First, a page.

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When Right-Wing Blather Killed

Irish Catholics peddling nonsense about "dependency on government" need to read a new history of the Great Famine.
 
 
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Taking a break from 24/7 politics after the election, I finally read John Kelly’s troubling  “The Graves Are Walking: The Great Famine and the Saga of the Irish People.” Our problems feel small. Ireland lost one in three people in the late 1840s. At least a million died in the famine and its related illnesses; another two million fled for England, Canada, the United States or other ports of refuge.

But I kept coming back to U.S. politics anyway. Hauntingly, Kelly repeats the phrase that drove British famine relief (or lack of it): they were so determined to end Irish “dependence on government” that they stalled or blocked provision of food, public works projects and other proposals that might have kept more Irish alive and fed. The phrase appears at least seven times, by my count, in the book. “Dependence on government:” Haven’t we heard that somewhere?

In fact, the day after finishing Kelly’s book, I found  Salon’s Michael Lind writing about the Heritage Foundation brief, “The Index of Dependence on Government.” It could have been the title of a report by famine villain Charles Trevelyan, the British Treasury assistant secretary whose anti-Irish moralism thwarted relief, but of course it was written by well-paid conservative Beltway think tankers. The very same day PBS aired a Frontline documentary revealing that our fabulously wealthy country has the fourth highest child-poverty rate in the developed world, just behind Mexico, Chile and Turkey. And I couldn’t help thinking: we haven’t come far at all.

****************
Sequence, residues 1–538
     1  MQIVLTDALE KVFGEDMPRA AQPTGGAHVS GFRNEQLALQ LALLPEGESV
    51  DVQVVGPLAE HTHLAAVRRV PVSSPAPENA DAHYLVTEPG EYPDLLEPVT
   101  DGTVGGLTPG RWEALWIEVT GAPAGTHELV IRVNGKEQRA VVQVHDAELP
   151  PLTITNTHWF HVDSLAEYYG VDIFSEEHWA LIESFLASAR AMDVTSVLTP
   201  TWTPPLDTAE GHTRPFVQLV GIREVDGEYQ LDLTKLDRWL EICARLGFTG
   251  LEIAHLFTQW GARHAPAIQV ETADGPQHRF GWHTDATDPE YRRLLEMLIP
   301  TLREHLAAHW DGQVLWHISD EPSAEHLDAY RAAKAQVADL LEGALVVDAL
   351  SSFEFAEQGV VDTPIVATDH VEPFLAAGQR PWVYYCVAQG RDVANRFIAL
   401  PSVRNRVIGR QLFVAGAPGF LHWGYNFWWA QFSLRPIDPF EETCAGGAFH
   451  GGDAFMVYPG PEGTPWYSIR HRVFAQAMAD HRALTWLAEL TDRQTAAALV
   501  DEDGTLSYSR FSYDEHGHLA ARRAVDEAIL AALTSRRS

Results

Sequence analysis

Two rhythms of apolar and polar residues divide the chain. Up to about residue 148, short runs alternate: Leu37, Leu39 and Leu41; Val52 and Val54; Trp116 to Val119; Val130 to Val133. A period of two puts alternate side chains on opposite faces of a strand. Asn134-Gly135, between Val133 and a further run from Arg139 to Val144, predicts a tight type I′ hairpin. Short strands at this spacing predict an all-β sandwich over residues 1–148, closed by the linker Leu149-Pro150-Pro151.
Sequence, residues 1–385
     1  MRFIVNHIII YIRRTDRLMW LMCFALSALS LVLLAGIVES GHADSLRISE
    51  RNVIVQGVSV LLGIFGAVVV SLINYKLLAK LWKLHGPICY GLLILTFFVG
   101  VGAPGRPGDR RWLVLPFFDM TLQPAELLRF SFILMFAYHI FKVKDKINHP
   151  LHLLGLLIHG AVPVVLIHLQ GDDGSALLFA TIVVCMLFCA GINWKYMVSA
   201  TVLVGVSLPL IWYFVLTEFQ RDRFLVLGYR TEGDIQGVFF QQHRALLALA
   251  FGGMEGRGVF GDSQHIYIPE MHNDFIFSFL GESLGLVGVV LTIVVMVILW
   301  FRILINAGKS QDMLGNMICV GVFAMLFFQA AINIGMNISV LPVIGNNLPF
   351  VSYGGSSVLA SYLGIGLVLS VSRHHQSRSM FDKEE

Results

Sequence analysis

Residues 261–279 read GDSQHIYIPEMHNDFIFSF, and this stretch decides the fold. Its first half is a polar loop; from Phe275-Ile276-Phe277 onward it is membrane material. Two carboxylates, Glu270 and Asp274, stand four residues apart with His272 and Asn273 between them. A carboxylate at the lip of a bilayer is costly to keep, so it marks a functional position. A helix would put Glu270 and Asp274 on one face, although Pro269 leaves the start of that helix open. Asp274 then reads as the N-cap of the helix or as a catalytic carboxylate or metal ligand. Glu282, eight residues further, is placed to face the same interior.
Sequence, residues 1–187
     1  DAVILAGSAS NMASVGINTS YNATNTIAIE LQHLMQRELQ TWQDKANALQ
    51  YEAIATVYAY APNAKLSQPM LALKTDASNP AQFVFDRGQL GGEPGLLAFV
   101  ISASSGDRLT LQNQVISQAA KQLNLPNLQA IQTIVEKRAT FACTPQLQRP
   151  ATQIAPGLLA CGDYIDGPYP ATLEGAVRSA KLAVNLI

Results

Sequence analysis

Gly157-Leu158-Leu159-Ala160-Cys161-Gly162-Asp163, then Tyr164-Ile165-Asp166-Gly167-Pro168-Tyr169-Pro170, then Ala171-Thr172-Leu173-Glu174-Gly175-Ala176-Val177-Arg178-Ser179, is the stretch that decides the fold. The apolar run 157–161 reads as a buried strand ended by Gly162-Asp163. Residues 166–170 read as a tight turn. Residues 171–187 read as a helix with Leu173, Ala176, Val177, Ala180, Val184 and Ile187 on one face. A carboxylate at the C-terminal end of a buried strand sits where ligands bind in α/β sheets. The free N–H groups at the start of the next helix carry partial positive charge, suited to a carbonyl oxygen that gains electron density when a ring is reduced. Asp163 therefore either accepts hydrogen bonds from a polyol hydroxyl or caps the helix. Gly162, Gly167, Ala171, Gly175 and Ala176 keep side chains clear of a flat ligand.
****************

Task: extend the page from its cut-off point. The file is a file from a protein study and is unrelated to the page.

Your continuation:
I don’t believe in appropriating epochal tragedies and singular cruelties for modern political use. Genocide, slavery, famine, the Holocaust; rape, incest, lynching – those terms mean something specific.  A recession, or even a depression, can’t be equated with famine, let alone genocide. Nor can rampant child poverty: we fend off starvation pretty successfully with food stamps, government help and charity today. We still have poverty programs, even though we slashed them in an anti-dependency backlash Trevelyan might have approved. A Democratic president, Bill Clinton, acting at least partly on Ronald Reagan’s insight that “we fought a war on poverty, and poverty won,” eliminated Aid to Families with Dependent Children in 1996 and replaced it with a time-limited, work-incentive program that cut its rolls by 58 percent in the last 15 years. One in five children was poor in 1996; the exact same percent are poor today. (Among black children, the rate is almost 2 in 5.) Whether we’re fighting a war on poverty or a war on the poor, what we are doing isn’t working.

But instead of digging in to find solutions to growing poverty in the midst of plenty, and increased suffering even among people who aren’t technically poor, Republicans spent the last year recycling theories from the Irish famine era. They’re best expressed in  Mitt Romney’s remarks about the “47 percent,” the people who see themselves as “victims” and are “dependent upon government.” Romney’s job, he told us, “is not to worry about those people. I’ll never convince them they should take personal responsibility and care for their lives.”

Of course, now conservatives are very worried about “those people:” Supposedly, they re-elected President Obama.  An increasingly crazed Bill O’Reilly says Obama and Democrats have created “a social free-fire zone that drives dependency and poverty.” Obama voters “want stuff,” he continued,” big spending on government programs,” and they’ve rejected “robust capitalism and self reliance.” Sean Hannity says Obama’s strategy was “to encourage Americans to be dependent on the government.” Of course, it’s not just the Irish: Charles Krauthammer agrees. “The more you make more people dependent, the more you have your constituencies, the more they re-elect you,” the eternally sneering righty said on election night.

 
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